When the Swiss entrepreneur Uli Sigg first traveled to China in 1979, he hesitated to reach out to artists because he feared that making contact might get them into trouble with the authorities. But in the more than 40 years since then, he has assembled perhaps the world’s most important collection of Chinese contemporary art in close collaboration with China’s leading creatives. Ai Weiwei has said of Sigg: “However famous I become, he [Sigg] is the creator.”

The former Swiss ambassador to China is still working to help foster the careers of emerging talent today as the sponsor of the Sigg Prize, which gave its inaugural HK$500,000 ($64,000) award to the Hong Kong artist Samson Young earlier this month. An exhibition of the winning installation, as well as work by the five other shortlisted artists, is on view at the recently reopened M+ Pavilion in Hong Kong (which had been shuttered for months during the city’s lockdown).

The show could take on a heightened significance following the passage last week of a new national security law to suppress subversion, secession, and terrorism in the semiautonomous city, which local arts workers have warned will cause “incalculable” damage to Hong Kong’s status as an art hub. That status is particularly important to Sigg, who in 2012 announced plans to donate more than 1,000 works in his collection to M+, the long-delayed museum of visual culture that is finally expected to open in the West Kowloon Cultural District next year. So far, Sigg maintains that awarding the collection to Hong Kong was the right move – it will keep the artwork within China while offering the maximum freedom for display.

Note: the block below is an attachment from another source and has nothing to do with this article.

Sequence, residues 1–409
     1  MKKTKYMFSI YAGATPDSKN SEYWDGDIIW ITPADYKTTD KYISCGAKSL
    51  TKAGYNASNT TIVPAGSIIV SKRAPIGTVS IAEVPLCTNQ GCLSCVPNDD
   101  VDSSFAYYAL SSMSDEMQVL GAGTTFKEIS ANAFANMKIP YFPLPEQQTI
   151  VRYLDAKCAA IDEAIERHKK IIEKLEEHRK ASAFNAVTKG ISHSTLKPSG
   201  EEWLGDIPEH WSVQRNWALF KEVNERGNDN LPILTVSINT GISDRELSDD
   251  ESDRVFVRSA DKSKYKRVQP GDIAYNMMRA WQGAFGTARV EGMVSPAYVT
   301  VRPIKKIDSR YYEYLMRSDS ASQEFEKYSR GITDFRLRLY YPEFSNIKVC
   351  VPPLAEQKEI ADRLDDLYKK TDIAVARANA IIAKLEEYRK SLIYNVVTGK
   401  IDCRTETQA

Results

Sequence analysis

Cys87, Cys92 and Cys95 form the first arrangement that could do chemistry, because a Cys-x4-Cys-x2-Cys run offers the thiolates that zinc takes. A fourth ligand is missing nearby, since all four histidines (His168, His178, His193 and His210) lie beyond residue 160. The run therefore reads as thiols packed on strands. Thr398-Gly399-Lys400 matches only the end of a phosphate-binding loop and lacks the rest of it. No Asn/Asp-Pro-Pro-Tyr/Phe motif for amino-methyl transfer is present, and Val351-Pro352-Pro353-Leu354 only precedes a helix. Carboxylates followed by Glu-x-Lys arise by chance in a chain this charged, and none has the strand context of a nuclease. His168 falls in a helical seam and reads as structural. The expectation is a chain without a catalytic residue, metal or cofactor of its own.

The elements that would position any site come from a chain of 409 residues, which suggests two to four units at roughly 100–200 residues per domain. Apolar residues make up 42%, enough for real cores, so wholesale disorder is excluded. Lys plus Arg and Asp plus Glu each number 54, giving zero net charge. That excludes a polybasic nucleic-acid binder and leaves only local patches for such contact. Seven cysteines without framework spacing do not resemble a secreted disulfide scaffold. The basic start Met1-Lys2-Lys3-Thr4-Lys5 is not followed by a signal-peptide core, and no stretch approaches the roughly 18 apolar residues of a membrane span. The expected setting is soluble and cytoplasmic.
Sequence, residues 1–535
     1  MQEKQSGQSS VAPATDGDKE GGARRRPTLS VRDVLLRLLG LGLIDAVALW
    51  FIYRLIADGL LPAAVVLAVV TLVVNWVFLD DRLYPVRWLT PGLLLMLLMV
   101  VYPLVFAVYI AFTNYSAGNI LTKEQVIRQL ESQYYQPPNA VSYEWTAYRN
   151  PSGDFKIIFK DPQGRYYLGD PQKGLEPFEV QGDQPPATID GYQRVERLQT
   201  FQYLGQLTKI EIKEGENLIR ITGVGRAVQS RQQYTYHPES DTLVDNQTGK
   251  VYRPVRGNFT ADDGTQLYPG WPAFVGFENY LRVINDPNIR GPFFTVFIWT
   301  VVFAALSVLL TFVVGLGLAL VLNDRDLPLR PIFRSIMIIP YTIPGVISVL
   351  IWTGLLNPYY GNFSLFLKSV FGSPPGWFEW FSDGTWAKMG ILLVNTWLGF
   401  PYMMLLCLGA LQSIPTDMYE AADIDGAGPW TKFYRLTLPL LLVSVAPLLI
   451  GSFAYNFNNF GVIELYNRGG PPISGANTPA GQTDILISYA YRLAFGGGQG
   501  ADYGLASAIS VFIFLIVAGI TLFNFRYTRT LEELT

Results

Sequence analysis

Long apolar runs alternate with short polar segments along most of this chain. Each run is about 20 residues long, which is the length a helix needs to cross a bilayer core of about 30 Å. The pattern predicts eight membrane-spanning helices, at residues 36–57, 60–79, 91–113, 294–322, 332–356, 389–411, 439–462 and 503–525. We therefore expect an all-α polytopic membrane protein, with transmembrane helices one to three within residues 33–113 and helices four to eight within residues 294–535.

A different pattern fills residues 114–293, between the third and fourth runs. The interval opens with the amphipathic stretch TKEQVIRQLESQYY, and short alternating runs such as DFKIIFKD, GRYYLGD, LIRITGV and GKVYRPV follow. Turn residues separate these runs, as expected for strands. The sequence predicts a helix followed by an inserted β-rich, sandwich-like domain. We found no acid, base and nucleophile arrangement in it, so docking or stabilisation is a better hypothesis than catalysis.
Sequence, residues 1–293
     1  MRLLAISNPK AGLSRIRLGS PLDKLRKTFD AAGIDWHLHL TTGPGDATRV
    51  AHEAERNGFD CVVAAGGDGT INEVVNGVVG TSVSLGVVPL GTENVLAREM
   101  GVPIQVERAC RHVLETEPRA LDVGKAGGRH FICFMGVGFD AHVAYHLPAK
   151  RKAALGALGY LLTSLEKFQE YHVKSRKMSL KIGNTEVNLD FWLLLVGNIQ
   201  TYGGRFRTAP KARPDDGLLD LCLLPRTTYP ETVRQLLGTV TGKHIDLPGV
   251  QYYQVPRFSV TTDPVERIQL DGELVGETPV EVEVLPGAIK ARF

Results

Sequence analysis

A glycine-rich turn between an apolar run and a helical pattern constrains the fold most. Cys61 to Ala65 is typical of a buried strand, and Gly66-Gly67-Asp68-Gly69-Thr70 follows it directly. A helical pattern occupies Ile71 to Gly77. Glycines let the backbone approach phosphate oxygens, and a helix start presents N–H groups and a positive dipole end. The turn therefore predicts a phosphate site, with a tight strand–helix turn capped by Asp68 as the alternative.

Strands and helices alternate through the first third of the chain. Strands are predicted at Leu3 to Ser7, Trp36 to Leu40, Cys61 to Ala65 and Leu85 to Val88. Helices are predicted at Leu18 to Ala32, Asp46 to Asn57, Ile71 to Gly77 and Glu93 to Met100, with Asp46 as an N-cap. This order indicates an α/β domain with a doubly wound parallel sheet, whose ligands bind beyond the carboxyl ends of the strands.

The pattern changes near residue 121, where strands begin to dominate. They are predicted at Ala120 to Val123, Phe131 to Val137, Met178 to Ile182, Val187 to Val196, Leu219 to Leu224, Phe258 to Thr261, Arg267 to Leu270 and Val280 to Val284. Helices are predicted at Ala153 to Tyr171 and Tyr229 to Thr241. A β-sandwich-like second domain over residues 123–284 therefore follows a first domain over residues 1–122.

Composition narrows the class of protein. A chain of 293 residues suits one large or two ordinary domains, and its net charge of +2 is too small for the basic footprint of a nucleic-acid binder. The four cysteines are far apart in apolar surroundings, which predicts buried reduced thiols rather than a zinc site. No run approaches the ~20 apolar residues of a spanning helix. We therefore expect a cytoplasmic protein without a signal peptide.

The inaugural Sigg Prize, which was awarded to Samson Young earlier this month, is an outgrowth of the Chinese Contemporary Art Award Sigg founded in 1998 to honour artists born or working in China.
Courtesy of Artnet News
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